These findings suggest that the only solution to large fires isn’t more thinning or logging but rather more investment and political might to reduce climate change. Only by reversing the accumulation of CO2 in the atmosphere can we hope to reduce fire severity and acreage burned.
[ii] Adapt to more wildfire in western North American forests as climate changes, Tania Schoennagela,1, Jennifer K. Balcha,b, Hannah Brenkert-Smithc, Philip E. Dennisond, Brian J. Harveye, Meg A. Krawchukf, Nathan Mietkiewiczb, Penelope Morgang, Max A. Moritzh, Ray Raskeri, Monica G. Turnerj, and Cathy Whitlock,l
[iii] Objectives and considerations for wildland fuel treatment in forested ecosystems of the interior western United States Reinhardt et al. 2008.
[v] Does increased forest protection correspond to higher fire severity in frequent-fire forests of the western United States? Curtis M. Bradley, Chad T. Hanson, Dominick A. DellaSala Ecosphere 2016.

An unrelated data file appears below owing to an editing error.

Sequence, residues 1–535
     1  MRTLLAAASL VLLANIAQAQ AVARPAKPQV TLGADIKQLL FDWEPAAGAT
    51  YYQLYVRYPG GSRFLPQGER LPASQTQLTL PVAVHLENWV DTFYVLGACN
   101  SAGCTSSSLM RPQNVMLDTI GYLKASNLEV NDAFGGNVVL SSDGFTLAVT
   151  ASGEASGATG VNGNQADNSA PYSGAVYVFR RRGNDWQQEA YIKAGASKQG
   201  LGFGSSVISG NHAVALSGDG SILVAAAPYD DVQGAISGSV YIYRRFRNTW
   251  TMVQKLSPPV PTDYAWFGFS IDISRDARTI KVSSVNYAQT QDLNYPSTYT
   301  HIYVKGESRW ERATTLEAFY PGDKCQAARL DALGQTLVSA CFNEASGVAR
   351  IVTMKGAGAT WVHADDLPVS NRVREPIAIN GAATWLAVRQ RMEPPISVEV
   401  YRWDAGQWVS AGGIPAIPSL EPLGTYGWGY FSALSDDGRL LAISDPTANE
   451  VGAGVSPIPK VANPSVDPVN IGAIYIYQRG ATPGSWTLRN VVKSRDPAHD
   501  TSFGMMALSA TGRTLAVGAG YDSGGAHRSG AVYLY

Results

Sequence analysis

[vi] Fire Probability, Fuel Treatment Effectiveness and Ecological Tradeoffs in Western U.S. Public Forests Jonathan J. Rhodes1 and William L. Baker
[vii] Lyle Laverty, USDA Forest Service and Tim Hartzell U.S. Department of the Interior. “A Report to the President in Response to the Wildfires of 2000”, September 8, 2000.
[viii] van Wagtendonk, J.W., van Wagtendonk, K.A. & Thode, A.E. Factors Associated with the Severity of Intersecting Fires in Yosemite National Park, California, USA. fire Ecol 8, 11–31 (2012). https://doi.org/10.4996/fireecology.0801011